On the 13th of each month, I write about a movie whose title contains the number 13.
Peter Lawford is charming in the otherwise unremarkable mystery The Hour of 13, based on the 1933 novel Mystery of the Dead Police (which was previously filmed as the 1934 movie The Mystery of Mr. X). Lawford plays debonair jewel thief Nicholas Revel, who (through some rather unlikely contrivances) finds himself the chief suspect in a series of murders of London police officers, and must resort to even more contrivances in order to clear his name. Along the way, he's also hoping to cash in on a valuable emerald he stole from a socialite (which is what got him in trouble in the first place) and possibly seduce the daughter (Dawn Addams) of the London police commissioner.
It's all rather breezy for a movie in which innocent policemen keep getting brutally murdered. Although Revel is in constant danger of being arrested for horrible crimes, he never seems particularly worried, and he takes foolish, unnecessary risks in order to spend more time with Addams' Jane, or just to nudge the police in the right direction for him to be able to sell his emerald quietly. Lawford's inherent likeability helps sell the improbable character, but even he can't compensate for the convoluted absurdity of the story, which gets more ridiculous as it goes along.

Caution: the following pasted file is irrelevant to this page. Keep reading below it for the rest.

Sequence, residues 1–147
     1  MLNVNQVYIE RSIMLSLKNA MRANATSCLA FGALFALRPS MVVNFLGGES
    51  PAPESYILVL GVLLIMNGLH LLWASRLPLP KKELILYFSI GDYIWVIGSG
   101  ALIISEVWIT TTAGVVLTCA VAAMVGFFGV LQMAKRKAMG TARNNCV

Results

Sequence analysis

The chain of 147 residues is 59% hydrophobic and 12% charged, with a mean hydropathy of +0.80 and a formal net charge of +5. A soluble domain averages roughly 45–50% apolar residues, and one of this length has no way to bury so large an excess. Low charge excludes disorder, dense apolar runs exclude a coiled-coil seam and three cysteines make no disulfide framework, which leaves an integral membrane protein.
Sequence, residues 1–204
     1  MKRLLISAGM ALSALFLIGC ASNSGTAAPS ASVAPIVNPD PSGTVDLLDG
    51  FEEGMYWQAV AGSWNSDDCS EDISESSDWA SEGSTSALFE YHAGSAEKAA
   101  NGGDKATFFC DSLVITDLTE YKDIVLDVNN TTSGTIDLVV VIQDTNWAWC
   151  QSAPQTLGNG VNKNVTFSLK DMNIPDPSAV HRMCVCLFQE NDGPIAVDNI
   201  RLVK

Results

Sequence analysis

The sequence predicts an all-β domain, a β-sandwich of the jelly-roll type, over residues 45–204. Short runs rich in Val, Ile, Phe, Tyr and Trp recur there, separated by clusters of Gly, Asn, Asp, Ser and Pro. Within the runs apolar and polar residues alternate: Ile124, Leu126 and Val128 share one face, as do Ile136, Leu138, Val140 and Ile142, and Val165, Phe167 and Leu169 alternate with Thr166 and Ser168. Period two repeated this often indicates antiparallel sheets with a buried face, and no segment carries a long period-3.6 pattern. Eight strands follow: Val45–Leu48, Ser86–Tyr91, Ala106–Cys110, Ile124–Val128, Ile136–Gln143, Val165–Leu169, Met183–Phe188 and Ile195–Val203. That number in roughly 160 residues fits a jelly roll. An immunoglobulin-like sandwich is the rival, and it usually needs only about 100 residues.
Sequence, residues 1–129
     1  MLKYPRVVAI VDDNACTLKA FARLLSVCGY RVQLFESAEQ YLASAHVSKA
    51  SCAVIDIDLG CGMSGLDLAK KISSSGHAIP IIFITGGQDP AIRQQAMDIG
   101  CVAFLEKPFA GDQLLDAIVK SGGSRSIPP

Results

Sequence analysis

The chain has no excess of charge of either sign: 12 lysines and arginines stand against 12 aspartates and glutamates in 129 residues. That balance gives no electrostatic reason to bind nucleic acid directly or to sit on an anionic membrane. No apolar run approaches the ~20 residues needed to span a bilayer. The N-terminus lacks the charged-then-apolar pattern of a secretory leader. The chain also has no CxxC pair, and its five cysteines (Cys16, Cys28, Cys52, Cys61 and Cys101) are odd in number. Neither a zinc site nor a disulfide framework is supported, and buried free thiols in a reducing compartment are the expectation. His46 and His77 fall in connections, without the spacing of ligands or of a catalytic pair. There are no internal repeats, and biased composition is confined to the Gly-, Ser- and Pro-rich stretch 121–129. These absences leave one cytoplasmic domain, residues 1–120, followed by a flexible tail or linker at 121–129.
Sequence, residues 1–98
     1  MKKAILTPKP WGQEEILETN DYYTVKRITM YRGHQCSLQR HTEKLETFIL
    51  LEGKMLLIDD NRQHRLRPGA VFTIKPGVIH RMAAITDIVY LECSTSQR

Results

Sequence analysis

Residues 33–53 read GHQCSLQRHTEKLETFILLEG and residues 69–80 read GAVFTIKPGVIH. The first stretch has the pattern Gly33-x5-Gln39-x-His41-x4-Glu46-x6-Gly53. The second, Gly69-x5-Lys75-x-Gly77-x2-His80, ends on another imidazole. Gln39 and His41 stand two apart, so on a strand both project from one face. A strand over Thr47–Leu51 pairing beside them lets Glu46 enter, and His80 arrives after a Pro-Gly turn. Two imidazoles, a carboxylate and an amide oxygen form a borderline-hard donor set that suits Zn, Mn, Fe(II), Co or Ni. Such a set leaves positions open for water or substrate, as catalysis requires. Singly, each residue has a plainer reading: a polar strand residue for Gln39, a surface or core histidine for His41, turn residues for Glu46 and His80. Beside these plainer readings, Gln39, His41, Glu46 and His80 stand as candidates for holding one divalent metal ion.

The Victorian setting (it takes place in 1890) lends some class as well, and the movie gets in a few amusing digs at the exaggerated British politeness of the time. Still, the mystery is completely uninteresting, and when Revel unmasks the villain at the end, his identity and motives are essentially meaningless. The title, too, is a bit nonsensical, referring possibly to the times at which the killer sends warnings of his impending crimes to the police (always at 1 and 3), or to the number of people he's planning to kill. It's a peculiar title for a mostly forgettable movie, although it did at least inspire the name of a heavy metal band.